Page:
LAS CRUCES - A New Mexico State University professor aims to change the conversation surrounding the experiences of Arab Muslim women living in America with an animated film titled “The Four Hijabs.”
Manal Hamzeh, associate professor of interdisciplinary studies in the College of Arts and Sciences, co-wrote the script for the film with Jamil Khoury of Silk Road Rising, a Chicago-based theater and film company that focuses on storytelling through an Asian-American and Middle Eastern-American lens. The film, inspired by Hamzeh’s book, “Pedagogies and Deveiling: Muslim Girls and the Hijab Discourse,” follows the journey of three friends who explore the different meanings of the hijab.
While many think of the hijab only as the headscarf worn by many Muslim women, the film identifies four discernible hijabs: the visual hijab, which is the modest dress of both Muslim men and women; the spatial hijab, which is the separator between private and public spaces in Muslims’ lives; the ethical hijab, or the ethical values and practices required of all Muslims; and the spiritual hijab, or the barriers that inhibit deeper spiritual growth and new knowledge production. By interpreting them through Arab Muslim feminist lenses, Hamzeh said she seeks to expand beyond the trapping dichotomy of “to veil or not to veil.”
“We are in a time of a patriarchal battle over women’s bodies,” Hamzeh said. “It’s not specific to one religious community.”
Hamzeh, an athlete who grew up in a progressive family in Jordan and came to the U.S. as a young woman, said she faced questions and intersecting barriers related her gender, sexuality, race and religious heritage, particularly in the post-9/11 United States. Those questions — and a desire to contribute to overcoming those barriers — continue to inform her research and work in social and gender justice issues. She said “The Four Hijabs” helps to distill her dense research into an accessible and entertaining format that she hopes will reach a new audience.
The film portrays a young girl who wants to know the hijab’s meanings in the Quranic text, apart from what she usually hears. Throughout the story, the four hijabs represented in 16 Quranic verses are portrayed as a graphic symbol that speaks out and explains what each really means or does not mean. The visual hijab, for example, is shown to be much more than just a headscarf, and the spatial hijab is not simply about the isolation of women from public spaces and responsibilities.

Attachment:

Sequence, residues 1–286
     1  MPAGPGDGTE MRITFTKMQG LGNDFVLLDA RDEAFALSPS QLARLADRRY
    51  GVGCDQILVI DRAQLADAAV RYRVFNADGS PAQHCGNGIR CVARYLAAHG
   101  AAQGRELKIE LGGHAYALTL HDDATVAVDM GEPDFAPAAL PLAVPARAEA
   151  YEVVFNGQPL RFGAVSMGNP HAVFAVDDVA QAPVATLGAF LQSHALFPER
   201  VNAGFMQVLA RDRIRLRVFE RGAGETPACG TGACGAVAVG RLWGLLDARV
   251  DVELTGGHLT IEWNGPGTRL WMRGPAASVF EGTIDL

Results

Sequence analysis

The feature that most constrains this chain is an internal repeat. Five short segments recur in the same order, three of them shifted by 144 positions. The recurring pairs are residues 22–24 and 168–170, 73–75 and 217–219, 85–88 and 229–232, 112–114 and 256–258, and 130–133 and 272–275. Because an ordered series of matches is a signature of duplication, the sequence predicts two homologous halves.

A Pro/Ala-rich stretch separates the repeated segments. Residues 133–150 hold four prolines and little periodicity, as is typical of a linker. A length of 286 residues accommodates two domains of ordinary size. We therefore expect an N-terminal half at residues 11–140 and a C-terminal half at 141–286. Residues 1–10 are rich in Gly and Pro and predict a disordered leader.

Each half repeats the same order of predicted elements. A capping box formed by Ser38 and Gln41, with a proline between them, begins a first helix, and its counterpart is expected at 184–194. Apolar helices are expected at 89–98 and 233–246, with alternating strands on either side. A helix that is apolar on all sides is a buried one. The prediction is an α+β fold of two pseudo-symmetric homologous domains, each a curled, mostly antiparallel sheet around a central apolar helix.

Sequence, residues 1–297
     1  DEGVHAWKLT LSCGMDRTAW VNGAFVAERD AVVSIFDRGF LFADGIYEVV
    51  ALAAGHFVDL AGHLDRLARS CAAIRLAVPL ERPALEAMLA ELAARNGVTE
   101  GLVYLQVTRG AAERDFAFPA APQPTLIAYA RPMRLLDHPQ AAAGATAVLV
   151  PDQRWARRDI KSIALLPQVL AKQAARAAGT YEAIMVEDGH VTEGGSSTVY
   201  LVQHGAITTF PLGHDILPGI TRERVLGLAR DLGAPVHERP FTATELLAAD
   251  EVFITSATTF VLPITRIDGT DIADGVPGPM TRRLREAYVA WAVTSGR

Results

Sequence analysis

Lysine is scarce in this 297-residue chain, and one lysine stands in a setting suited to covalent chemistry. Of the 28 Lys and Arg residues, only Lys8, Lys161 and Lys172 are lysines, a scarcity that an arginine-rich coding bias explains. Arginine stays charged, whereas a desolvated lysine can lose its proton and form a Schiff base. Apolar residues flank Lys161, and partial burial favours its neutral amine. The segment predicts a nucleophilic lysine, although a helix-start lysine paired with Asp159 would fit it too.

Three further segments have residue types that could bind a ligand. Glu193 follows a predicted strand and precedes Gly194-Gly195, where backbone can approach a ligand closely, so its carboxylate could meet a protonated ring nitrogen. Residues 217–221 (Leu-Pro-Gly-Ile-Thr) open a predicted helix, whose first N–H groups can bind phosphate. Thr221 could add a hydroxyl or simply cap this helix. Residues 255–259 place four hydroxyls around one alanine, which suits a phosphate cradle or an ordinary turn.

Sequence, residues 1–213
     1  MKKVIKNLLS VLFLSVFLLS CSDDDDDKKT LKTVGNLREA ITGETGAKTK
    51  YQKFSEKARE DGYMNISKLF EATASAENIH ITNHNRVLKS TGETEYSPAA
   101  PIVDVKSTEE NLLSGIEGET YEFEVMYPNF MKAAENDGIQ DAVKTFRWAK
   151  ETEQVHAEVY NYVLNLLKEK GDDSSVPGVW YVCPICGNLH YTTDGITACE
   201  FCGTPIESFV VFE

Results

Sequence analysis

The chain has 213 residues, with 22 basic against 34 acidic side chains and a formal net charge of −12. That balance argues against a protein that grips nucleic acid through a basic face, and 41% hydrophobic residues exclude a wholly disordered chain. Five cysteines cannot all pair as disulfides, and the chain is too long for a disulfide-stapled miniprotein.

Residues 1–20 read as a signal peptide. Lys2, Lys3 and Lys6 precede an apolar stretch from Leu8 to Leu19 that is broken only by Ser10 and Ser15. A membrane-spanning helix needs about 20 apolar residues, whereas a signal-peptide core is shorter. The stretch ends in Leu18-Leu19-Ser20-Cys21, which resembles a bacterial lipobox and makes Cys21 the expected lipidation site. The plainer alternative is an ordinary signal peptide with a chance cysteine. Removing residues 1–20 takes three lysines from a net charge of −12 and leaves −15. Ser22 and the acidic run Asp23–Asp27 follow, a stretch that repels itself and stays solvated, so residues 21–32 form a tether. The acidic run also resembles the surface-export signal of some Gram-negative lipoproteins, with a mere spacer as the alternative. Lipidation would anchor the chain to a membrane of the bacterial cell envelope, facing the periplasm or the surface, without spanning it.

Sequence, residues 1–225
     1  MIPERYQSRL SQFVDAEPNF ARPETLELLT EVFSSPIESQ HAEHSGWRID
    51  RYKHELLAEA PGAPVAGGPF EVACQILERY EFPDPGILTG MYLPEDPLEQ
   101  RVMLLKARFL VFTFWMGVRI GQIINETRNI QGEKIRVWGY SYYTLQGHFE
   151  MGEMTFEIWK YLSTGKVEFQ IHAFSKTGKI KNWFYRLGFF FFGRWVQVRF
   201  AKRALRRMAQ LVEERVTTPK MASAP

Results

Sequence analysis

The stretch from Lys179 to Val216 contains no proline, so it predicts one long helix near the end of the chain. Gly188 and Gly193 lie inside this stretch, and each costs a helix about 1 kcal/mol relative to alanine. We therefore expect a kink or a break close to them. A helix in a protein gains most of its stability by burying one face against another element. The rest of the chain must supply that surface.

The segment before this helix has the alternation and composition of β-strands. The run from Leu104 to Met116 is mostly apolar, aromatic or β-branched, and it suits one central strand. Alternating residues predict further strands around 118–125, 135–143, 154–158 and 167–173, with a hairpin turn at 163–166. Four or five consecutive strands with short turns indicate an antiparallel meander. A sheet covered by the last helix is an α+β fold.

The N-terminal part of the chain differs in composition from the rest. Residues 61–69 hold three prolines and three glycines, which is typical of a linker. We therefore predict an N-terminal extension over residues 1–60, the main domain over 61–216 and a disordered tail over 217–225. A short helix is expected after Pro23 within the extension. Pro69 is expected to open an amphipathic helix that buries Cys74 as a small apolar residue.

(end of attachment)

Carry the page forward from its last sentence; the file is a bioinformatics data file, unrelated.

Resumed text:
Hamzeh said the goal of this film is to open space for people, Muslim or not, to question and make multiple meanings of the hijabs mentioned in the Quran.
The animated short film premiered at Chicago’s Silk Road Rising Theater over the summer and will be shown at NMSU next spring. The book, published in 2012, is based on Hamzeh’s doctoral dissertation, which followed her work with a group of Muslim girls in Las Cruces.
Khoury, who co-authored the film with Hamzeh, is the co-founder Silk Road Rising, which produced the animated short.
“The conversation with Silk Road Rising started in 2006 — it was obviously a long process to get where we are,” Hamzeh said. “He was interested in this research and how I framed it. This is another medium to get the word out, and to help people understand my writing, as well as the hijab as a whole.”
Hamzeh hopes the animated film will help bring the discussion to a much wider audience and dispel dominant misconceptions in the West about the meaning of the hijab.
“‘The Four Hijabs’ has been a journey of friendship, solidarity, inspiration, questions, joy, trust, sincerity and imagination,” said Hamzeh, “and I look forward to the conversations it is poised to incite.
“The Four Hijabs” was made possible by support from the Chicago Foundation for Women, a community organization dedicated to advocating for equality and increasing resources and opportunities for women and girls in the greater Chicago area.
For information about the film, visit http://www.fourhijabs.org.
Taylor Vancel writes for University Communications and can be reached at 575-646-7953 or email@example.com.